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Sierra Leone promises to open embassy in Jerusalem, will be 6th country to do so

Sierra Leone president calls Israeli foreign minister to discuss the move, hails warm relations between countries

Map showing Sierra Leone in West Africa (Photo: Shutterstock)

The president of Sierra Leone, Julius Maada Bio, spoke with Israeli Foreign Minister Eli Cohen on Thursday night and promised to open his nation's embassy in the Jewish state's capital city, Jerusalem.

Sierra Leone became an independent nation in 1961 and has maintained relations with Israel ever since.

In the phone call, Bio referred to the “warm relations” between the two countries and told Cohen that, in light of those ties, Sierra Leone would be willing to establish its embassy in Jerusalem, “the capital of the State of Israel.”

The West African nation does not yet have an embassy in Israel, nor does Israel maintain an embassy in Freetown, the capital of Sierra Leone.

If Sierra Leone does establish an embassy in Jerusalem, it would be the sixth country to do so, following in the steps of the United States, Guatemala, Honduras, Kosovo and Paraguay.  

Earlier this year, Cohen met with incoming Paraguayan President Santiago Peña, who promised to return his country’s embassy from Tel Aviv to Jerusalem.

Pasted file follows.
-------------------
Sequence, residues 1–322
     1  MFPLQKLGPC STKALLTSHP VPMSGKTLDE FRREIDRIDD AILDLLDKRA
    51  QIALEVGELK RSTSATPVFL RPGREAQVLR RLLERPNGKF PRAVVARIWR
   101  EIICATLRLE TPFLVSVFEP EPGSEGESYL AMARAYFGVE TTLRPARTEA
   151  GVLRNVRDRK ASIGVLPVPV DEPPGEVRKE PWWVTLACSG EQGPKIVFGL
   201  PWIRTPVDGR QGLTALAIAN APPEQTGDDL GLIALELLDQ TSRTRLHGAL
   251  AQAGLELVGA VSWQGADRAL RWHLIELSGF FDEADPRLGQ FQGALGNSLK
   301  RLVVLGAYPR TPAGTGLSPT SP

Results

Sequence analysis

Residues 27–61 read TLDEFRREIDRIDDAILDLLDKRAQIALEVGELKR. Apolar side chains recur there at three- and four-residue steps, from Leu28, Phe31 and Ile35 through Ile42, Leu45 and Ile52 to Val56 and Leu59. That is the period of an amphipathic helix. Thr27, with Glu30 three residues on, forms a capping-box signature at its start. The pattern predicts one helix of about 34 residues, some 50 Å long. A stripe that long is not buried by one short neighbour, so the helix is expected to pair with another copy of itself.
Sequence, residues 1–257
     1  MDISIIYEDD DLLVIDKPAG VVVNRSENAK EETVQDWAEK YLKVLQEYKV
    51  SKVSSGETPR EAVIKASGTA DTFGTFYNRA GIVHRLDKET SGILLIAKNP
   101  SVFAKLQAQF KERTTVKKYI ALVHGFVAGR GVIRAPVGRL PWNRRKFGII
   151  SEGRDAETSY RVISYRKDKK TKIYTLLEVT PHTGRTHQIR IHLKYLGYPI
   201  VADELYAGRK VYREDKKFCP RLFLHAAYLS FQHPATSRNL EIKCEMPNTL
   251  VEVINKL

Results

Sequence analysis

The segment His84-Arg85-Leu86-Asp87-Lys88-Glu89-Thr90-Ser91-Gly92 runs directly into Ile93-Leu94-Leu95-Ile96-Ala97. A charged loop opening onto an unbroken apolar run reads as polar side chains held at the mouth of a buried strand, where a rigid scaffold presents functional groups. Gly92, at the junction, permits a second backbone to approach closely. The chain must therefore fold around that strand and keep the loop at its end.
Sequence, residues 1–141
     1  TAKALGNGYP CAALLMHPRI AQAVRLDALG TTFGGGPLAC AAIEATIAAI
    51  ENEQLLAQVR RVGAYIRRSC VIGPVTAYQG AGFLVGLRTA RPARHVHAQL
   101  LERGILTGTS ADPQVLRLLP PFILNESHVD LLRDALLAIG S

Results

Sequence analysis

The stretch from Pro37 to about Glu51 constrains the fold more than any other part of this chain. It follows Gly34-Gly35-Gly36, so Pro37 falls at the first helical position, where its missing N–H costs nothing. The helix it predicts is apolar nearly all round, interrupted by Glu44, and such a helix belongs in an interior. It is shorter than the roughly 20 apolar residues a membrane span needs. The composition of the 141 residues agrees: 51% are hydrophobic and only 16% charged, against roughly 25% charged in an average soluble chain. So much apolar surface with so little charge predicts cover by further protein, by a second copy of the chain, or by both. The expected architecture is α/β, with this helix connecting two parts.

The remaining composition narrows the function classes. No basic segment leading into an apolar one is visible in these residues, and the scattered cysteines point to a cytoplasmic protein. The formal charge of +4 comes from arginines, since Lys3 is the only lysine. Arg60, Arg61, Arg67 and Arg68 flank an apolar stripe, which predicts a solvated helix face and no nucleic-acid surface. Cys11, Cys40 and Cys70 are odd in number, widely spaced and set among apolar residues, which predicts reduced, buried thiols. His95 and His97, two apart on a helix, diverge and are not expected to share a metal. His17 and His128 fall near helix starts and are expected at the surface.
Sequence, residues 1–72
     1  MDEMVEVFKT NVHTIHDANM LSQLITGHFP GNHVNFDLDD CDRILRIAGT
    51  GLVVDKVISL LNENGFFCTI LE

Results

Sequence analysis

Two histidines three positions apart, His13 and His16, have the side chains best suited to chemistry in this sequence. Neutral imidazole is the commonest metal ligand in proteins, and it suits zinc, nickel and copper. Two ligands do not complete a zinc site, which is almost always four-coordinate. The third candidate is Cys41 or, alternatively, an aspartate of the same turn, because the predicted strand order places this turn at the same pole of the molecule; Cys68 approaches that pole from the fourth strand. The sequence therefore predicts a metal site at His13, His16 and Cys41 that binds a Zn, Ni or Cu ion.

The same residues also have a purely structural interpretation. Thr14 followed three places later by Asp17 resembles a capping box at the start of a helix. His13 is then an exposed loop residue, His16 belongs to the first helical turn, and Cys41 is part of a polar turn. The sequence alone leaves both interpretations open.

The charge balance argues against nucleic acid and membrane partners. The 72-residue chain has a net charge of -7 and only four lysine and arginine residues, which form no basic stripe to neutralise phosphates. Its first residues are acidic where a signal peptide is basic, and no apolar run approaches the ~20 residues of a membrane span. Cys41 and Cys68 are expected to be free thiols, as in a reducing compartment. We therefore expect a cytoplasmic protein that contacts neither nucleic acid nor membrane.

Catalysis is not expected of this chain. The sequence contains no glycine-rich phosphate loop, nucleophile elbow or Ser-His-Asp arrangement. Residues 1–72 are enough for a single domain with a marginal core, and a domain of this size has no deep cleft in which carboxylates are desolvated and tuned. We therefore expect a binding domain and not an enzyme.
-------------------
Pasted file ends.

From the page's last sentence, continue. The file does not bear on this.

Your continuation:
Cohen promised Peña that Israel would reopen its embassy in Asunción, following its closure five years ago.

Paraguay first moved its embassy to Jerusalem in 2018, under President Horacio Cartes. It was located next to the Guatemalan embassy.

However, the embassy was later moved back to Tel Aviv under President Abdo Benítez, who claimed that “Paraguay wants to contribute to increasing regional diplomatic efforts to achieve a fair and lasting peace in the Middle East.”

Prime Minister Benjamin Netanyahu then ordered the recall of the Israeli ambassador and the closing of the embassy in Asunción.

Israel has been trying to strengthen its relations with African countries, as it has sought to increase its global diplomatic efforts and reverse the break in relations following the Yom Kippur War.

Following the Abraham Accords, Israel has renewed ties with many African nations, often based on Israeli aid with medicine, technology, and water engineering projects.

The Jewish state was recently granted observer status in the African Union, though that has provoked some opposition from African countries with strong Arab ties.

The All Israel News Staff is a team of journalists in Israel.

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